Ask most employees and they will tell you what Phishing is and why it’s bad. Yet, Phishing is still a top Cyber Security concern for any organization. I recently conducted several mock phishing campaigns that revealed common problems that prevent employees from being successful at combating phishing attempts.
Phishing is a deceptive attempt to pose as a reputable entity or person in electronic communications, such as email, IM or social networks. Most employees know exactly what Phishing is and why it’s bad. They may even have a story about how a customer, vendor or friend fell for a Phishing scam. Yet, Phishing is still a top Cyber Security concern for any organization.
Recently I sent several mock Phishing emails to my entire company, bringing in some very interesting results. Before any campaign, McKenney’s started out with a failure rate of approximately 60%. After communications from the Technology department and later Marketing, our rate was below 30% failure. To further decrease that rate, we started sending quarterly tests, offering training at department meetings and created simple posters that explained the types of phishing. I’m proud to say McKenney’s consistently has less than a 10% failure rate across the company.
The top three things I learned from the 10% failure and even some of the successes are:
- Awareness is great, but still people aren’t hovering over links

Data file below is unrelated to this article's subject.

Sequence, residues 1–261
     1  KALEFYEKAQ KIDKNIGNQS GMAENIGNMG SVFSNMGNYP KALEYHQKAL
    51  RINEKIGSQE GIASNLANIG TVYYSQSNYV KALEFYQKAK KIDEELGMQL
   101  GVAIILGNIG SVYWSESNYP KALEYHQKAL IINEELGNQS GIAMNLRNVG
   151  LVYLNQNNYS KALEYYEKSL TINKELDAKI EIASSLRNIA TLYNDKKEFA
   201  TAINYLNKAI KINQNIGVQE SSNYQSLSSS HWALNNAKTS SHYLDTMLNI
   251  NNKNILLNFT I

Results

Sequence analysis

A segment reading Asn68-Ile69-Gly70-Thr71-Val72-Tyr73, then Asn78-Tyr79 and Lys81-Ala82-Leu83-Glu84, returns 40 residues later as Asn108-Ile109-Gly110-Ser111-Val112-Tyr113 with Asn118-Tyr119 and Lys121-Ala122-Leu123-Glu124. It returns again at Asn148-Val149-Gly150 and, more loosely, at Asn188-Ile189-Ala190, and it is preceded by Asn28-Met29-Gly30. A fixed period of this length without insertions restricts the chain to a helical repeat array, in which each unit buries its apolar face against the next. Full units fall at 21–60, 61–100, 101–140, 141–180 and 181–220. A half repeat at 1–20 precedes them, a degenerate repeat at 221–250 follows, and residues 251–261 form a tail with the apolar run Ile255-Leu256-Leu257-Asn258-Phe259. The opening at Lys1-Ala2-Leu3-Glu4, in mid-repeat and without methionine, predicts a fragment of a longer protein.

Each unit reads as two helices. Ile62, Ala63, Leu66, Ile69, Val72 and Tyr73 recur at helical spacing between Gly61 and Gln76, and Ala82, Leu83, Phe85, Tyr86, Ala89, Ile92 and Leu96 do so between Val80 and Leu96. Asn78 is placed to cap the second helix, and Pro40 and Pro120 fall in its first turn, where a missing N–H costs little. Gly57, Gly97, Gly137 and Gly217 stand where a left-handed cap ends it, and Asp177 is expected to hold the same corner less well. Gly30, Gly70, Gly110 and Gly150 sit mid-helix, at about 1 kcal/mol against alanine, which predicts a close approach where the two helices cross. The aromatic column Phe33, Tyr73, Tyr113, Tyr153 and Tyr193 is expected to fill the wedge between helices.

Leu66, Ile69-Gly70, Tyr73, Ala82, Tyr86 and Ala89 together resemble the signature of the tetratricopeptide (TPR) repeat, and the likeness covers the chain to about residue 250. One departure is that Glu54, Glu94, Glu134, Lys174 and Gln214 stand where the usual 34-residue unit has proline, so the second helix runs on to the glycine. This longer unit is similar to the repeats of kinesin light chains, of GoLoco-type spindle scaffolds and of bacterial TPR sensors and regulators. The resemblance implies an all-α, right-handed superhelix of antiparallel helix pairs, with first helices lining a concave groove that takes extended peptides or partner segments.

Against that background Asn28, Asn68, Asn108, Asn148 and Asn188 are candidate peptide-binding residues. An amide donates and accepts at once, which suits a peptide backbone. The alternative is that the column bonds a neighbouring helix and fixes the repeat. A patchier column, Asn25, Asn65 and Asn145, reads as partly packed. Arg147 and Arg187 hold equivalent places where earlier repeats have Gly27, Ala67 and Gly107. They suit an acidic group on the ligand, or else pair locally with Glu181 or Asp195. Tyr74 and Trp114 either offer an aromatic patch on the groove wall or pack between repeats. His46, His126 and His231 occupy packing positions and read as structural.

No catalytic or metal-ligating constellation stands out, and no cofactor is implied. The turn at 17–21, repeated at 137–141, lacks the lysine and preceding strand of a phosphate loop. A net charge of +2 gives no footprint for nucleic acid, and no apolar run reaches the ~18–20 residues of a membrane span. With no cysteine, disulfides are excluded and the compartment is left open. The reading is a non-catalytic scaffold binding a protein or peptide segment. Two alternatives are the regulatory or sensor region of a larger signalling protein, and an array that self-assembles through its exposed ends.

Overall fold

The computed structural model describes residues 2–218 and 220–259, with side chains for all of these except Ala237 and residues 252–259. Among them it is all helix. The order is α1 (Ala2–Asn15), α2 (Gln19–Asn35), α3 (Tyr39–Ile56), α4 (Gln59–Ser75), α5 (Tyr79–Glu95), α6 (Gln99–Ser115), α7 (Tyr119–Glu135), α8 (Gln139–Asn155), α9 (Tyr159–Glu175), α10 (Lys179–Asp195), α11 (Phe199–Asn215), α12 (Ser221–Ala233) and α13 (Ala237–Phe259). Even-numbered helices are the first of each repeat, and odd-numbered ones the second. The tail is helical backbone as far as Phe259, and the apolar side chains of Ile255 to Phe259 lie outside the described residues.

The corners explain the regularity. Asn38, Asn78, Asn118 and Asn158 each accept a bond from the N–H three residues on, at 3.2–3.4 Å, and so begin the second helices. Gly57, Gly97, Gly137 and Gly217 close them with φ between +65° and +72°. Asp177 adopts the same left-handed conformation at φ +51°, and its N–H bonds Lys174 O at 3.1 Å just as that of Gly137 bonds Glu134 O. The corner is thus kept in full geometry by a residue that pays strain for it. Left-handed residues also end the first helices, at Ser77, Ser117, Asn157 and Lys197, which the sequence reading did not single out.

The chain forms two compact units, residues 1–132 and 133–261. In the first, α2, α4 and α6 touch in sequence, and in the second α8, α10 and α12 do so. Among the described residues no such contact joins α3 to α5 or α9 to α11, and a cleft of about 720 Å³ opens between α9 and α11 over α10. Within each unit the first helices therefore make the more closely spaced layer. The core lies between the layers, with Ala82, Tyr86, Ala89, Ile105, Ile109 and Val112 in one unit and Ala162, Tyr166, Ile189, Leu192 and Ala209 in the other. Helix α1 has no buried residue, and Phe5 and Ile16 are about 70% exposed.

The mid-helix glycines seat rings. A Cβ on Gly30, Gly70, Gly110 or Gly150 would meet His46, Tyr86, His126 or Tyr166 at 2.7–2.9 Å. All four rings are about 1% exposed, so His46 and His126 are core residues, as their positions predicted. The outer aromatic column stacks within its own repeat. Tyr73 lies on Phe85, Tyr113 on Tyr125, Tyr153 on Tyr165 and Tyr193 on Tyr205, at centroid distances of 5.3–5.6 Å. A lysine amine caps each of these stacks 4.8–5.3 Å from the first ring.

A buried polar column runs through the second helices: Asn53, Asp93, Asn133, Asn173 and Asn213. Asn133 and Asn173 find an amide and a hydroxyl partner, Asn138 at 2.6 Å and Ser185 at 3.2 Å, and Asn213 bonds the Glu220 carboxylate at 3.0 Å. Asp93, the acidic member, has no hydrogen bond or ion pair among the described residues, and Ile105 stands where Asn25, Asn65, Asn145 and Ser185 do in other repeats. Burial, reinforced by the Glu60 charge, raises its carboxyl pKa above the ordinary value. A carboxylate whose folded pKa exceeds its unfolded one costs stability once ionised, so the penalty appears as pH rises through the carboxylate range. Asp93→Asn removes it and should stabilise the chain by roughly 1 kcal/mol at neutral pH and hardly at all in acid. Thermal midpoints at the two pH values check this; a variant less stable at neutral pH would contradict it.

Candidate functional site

- Employees don’t know they can preview links on phones/tablets, so they simply click on everything thinking mobile devices are more secure
- Urgent emails still get people to take an action, even when they know they shouldn’t
All the news headlines, internal training and personalized communication efforts have raised awareness of the perils of Phishing. Like any skill however, one must practice hovering over links to make it a Habit with a capital H. Can you say you hover every link every time before clicking on it? If not, you’re opening yourself and your organization up to unnecessary risk. The simple act of hovering over links will save you a lot of time and trouble. When you hover over a link always make sure the link matches what you’re expecting. Additionally, the first part of the link (a.k.a. domain) should always be the company of the sender. This can be tricky on very long and confusing links, so focus on the beginning of the link. These tips will prevent you from being the victim of the next phishing scam.
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